April 12-13: Busan
This was also courtesy of another work field-trip boondoggle to the Samsung Heavy Industries shipyard on Geoje Island.  A massive facility and very impressive.  Geoje Island is along the southeastern coast near Busan, Korea's 2nd city, so a colleague and I found a hotel room and stayed over in the city for Friday night.  I really liked Busan.  The air was cleaner than Seoul and the vibe was a lot more relaxed.  Also Busan has a very nice beach, the most popular in Korea I am told, and a defined skyline unlike Seoul.  My colleague and I ate at a nice sashimi place along the beach for dinner, and though Korean sashimi is dull compared with its Japanese counterpart my colleague and I had a grand time mixing our fish with the many side dishes and, of course, soju.  The nightlife scene near the beach is fun too.  I would definitely revisit Busan.

Haeundae Beach.  This place will be mobbed during the summer months.

May 4: DMZ Tour
I covered this trip to the border between the two Koreas in another post.  I definitely want to revisit to see the Joint Security Area.

May 11-12: Seonyudo Island (Jeollabuk Province)
I booked this trip rather last minute with a travel group that specializes in providing adventures to Korea's many English-language teachers.  While I felt rather out of place as someone who is building an actual career in this country (and not just here on a one-year joy stint), I was glad to tag along to see another part of the country which I hadn't seen before...the "West Sea" between Korea and China (also known as the Yellow Sea).

In Seoul I boarded a 3-hour bus for Gunsan, an industrial town on the western coast, then rode a 45-minute ferry to Seonyudo Island (which is also the name of an island closer to Seoul).  We rented bicycles and rode around on a beautiful mild spring day.  The atmosphere was peaceful around the little fishing villages that dotted the island.  There was also a beach here and we were the only foreigners in the area, the others were mostly Korean families and groups of Korean middle-aged men and women who had come to get drunk together on the beach while watching the sunset.  We shot off bottle rockets and went searching for clams.  A nice weekend escape from the city life.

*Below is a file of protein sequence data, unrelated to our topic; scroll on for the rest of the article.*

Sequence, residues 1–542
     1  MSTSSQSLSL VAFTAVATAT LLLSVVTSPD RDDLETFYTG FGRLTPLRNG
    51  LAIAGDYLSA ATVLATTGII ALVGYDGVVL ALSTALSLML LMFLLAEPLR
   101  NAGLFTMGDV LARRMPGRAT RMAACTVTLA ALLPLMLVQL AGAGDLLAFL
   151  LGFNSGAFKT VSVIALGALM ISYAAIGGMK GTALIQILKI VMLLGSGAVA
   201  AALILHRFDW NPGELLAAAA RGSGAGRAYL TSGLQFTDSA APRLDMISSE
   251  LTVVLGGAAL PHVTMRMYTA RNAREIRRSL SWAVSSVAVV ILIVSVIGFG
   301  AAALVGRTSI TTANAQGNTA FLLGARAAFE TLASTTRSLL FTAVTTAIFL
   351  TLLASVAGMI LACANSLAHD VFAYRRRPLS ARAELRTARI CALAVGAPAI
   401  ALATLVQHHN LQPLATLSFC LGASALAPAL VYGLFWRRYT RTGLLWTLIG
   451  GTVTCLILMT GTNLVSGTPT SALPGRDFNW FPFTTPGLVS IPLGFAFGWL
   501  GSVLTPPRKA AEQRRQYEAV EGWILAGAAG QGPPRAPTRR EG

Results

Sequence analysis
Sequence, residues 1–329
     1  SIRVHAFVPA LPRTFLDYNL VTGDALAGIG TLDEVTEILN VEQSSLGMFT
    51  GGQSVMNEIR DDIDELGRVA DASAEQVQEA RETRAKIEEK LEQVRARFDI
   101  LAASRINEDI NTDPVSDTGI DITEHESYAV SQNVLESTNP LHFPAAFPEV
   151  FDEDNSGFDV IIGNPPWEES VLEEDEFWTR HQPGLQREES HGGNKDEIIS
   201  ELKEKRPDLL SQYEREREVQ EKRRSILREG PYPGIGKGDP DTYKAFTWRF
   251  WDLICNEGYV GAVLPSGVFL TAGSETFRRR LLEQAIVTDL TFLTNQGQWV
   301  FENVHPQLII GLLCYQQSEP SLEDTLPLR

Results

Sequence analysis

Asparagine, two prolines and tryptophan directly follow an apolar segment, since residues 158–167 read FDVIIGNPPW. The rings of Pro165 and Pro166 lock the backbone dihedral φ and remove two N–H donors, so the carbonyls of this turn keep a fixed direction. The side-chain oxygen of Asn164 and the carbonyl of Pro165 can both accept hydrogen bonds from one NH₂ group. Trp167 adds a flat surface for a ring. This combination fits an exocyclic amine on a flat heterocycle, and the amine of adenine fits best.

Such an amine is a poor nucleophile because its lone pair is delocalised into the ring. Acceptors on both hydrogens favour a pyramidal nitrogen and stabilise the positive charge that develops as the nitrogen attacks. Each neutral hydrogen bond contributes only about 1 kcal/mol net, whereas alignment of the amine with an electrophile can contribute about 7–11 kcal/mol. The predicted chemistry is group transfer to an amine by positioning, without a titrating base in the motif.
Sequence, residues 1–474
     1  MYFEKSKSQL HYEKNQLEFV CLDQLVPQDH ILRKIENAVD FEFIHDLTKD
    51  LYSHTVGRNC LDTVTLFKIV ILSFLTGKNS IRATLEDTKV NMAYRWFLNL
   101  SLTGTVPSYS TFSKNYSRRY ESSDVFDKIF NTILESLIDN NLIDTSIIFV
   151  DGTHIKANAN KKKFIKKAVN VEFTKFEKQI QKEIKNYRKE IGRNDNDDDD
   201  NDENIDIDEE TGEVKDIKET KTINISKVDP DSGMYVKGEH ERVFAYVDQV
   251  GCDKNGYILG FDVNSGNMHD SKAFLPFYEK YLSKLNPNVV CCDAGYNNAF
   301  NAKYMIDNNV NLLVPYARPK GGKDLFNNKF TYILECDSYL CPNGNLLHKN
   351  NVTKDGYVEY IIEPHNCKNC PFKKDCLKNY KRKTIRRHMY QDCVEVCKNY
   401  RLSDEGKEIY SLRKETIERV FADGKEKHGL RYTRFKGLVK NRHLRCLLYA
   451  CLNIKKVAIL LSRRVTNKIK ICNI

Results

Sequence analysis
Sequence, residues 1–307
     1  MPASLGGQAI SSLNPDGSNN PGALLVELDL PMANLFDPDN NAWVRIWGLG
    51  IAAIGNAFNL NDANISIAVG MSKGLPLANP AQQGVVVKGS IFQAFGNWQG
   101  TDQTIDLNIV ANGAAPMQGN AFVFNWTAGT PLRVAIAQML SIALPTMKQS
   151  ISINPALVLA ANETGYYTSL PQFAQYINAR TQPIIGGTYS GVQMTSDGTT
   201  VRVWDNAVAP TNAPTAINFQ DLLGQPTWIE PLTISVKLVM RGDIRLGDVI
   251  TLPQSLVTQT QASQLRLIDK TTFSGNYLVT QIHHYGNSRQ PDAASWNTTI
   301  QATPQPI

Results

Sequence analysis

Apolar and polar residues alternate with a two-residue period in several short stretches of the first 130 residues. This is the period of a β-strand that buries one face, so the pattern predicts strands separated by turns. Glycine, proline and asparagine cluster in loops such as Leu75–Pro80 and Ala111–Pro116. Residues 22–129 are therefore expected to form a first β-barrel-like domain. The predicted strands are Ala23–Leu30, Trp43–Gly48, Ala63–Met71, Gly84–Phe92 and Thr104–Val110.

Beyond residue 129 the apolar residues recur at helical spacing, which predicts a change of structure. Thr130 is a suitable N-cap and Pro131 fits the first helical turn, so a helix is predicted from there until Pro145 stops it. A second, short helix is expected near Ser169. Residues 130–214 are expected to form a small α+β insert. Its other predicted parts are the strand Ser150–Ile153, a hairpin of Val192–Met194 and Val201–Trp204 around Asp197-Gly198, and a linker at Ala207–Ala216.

May 17-19: Hwaeomsa Temple and Hadong Green Tea Festival
May 17 was Buddha's Birthday on the lunar calendar this year, which fell very conveniently on a Friday so we received a long weekend!  A group of Samsung foreigners had organized a temple stay in the Jiri mountains on the southern part of the peninsula.  It was a beautiful area – big lush green mountains and winding roads through the valleys.  I was reminded a bit of my trip to the Alps a long time ago.  Getting to this beautiful landscape was a nightmare though.  Traffic in Korea is legendarily bad on holidays and we spent 6.5 hours on a bus for a trip that should have taken only 4.

The temple stay itself is quite the cultural experience.  We slept on the floor in rooms with wood-fire heated floors and ate 3 meals a day of vegan bibimbap.  Never in my life can I recall being so bored with eating!  We were awakened at 3:10am for morning prayer -- stumbling downhill half-asleep in the dark to watch a group of monks chanting in a temple hall is not an experience that I will soon forget.  During the day, we picked green tea leaves from the monks' wild garden and laboriously pressed the leaves in a steamy hot room.  Though the mountain landscape was amazing, all this work and dull food and lack of sleep left me tired and grumpy.  I really needed a 3-day weekend to recover from my 3-day weekend here.  I am definitely not cut out for the temple life.

On Sunday we visited green tea fields around the town of Hadong and viewed their annual green tea festival.  We also visited a cultural center where we learned about the customs associated with a traditional Korean tea ceremony.  There were a lot of rules to remember, but the tea was quite good.

June 1-2: Jeonju
This trip was inspired an American friend who forwarded me a New York Times article in the winter from the Frugal Traveler blog.  Legendary bibimbap?  Yes please!